Friday, March 28, 2008
Patrick Walters, National security editor
AUSTRALIA is set to strengthen defence ties with Indonesia, expanding
combined exercises, training and educational links.
The upswing in defence relations comes in the wake of the recent
ratification of the Lombok Treaty on defence co-operation, which
provides a surer foundation for closer defence ties.
Bilateral defence relations have been subject to sharp changes over
the past decade. In the wake of the Australian-led intervention in
East Timor in 1999, Indonesia tore up a defence pact negotiated by
former prime minister Paul Keating and defence ties were all but
severed for several years.
Nearly a decade later, both sides are committed to working more
closely on common security issues including terrorism, piracy and
Visits by defence chiefs have become routine and Australia and
Indonesia conduct an annual strategic dialogue involving defence and
Both sides are proceeding cautiously on expanding the range of
military-to-military exercises, which are chiefly focused on maritime
security, peacekeeping and disaster management.
Indonesia’s Defence Minister, Juwono Sudarsono, said yesterday he
would like to see more training of young officers from Indonesia’s
defence force in Australia in management and IT in addition to
traditional staff college courses. Last year, 110 Indonesian officers
trained in Australia.
Dr Sudarsono poured cold water on any suggestion that Indonesia was
engaged in any kind of arms build-up, describing the defence budget
as a “shoestring budget without a shoe”.
Dr Sudarsono told a seminar at the Australian National University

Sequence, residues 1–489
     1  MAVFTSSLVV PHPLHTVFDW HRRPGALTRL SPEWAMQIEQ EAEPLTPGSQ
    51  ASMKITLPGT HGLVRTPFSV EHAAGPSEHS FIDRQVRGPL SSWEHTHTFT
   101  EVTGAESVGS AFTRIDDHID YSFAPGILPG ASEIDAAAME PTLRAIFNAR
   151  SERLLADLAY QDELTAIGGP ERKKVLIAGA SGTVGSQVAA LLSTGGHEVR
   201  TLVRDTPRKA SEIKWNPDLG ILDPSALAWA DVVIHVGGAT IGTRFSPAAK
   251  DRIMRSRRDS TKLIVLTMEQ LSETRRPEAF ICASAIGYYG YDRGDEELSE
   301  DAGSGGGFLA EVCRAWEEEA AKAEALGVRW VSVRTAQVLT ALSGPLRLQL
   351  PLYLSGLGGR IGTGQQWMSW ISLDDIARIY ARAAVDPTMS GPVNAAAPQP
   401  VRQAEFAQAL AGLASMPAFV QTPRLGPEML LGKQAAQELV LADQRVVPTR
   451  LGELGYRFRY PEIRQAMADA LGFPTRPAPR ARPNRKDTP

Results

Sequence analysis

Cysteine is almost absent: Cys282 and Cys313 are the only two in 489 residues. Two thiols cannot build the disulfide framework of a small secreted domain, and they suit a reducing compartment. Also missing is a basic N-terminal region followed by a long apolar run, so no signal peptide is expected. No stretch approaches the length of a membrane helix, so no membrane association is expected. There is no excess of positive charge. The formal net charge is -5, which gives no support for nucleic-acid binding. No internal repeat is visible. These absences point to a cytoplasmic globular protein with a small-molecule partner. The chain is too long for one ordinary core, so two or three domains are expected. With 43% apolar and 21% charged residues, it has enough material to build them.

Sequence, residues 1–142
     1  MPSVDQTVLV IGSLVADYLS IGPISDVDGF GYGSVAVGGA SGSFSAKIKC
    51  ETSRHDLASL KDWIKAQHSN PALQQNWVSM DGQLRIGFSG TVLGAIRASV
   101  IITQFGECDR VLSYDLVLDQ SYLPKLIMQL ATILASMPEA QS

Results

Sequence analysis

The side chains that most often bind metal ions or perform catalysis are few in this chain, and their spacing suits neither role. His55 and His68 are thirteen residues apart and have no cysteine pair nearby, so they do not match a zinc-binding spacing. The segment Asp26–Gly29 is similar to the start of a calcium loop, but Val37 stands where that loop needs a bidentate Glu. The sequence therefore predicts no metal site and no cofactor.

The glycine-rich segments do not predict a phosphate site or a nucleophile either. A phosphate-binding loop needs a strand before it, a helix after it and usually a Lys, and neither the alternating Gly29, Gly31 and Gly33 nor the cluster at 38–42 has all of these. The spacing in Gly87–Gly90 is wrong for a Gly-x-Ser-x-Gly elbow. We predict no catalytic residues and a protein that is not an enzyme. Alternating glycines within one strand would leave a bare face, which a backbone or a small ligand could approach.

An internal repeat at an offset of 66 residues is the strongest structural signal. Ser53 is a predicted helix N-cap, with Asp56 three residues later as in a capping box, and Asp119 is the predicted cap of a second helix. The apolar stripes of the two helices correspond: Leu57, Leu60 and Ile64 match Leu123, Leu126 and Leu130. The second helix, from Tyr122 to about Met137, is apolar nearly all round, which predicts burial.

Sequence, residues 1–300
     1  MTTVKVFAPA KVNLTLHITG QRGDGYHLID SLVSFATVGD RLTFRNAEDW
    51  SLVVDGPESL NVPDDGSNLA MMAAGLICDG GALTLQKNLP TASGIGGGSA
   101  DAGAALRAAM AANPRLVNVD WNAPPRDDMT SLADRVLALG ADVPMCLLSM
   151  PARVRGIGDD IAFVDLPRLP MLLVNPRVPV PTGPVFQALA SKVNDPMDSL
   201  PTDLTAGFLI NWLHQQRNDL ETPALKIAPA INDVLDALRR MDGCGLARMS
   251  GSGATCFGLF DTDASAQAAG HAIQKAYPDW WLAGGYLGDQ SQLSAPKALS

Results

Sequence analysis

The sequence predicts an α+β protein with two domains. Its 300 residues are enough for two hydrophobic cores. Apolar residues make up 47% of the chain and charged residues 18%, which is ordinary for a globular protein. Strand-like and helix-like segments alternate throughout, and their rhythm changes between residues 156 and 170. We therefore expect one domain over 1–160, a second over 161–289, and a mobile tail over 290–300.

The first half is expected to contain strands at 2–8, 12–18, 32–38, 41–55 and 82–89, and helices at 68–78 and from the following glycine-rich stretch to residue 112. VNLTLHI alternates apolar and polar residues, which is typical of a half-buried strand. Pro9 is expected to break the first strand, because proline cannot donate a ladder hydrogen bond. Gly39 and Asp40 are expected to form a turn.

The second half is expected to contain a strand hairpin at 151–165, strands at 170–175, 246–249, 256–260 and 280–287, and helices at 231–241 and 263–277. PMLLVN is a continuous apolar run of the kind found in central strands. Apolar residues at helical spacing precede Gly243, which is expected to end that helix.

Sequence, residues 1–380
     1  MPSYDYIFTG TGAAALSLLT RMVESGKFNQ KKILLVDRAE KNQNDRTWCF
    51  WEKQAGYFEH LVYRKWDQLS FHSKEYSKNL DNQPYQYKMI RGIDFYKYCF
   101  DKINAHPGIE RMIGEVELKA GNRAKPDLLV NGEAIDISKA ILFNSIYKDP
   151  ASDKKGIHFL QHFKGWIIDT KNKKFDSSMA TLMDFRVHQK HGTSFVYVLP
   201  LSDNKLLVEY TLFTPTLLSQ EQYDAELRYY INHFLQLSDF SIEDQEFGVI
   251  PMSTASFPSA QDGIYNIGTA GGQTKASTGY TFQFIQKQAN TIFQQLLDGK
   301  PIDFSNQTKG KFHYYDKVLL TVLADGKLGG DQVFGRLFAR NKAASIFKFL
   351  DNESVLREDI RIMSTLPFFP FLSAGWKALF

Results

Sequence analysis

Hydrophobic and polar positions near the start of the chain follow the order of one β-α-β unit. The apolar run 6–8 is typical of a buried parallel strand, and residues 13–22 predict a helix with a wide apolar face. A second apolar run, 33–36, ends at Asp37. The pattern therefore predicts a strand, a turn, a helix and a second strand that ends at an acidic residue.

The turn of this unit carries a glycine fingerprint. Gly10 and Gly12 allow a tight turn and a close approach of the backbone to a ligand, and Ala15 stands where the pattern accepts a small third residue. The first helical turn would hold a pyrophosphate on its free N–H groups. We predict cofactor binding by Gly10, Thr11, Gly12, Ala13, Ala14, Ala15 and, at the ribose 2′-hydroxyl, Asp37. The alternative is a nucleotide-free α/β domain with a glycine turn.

that Indonesia’s $US3.5billion ($3.81 billion) defence budget was
smaller than than of tiny Singapore which had emerged as ASEAN’s
The key security challenge for Indonesia was economic rather than
military, as 36 million people, or about 15 per cent of the
population, lived below the poverty line.
Dr Sudarsono stressed that poverty alleviation and employment
generation were fundamental to Indonesia’s long-term security.
Defence Minister Joel Fitzgibbon said yesterday his meeting with Dr
Sudarsono had provided a timely opportunity to advance defence ties
following the ratification of the Lombok Treaty.
Mr Fitzgibbon said the two sides would work on a series of joint
understandings to identify areas for closer co-operation, including
joint defence science and technology projects.
“The joint understandings will outline our mutual priorities for
future defence engagement, including military training and
post-graduate education, combined exercises and maritime surveillance
and patrol,” he said.
Joyo Indonesia News Service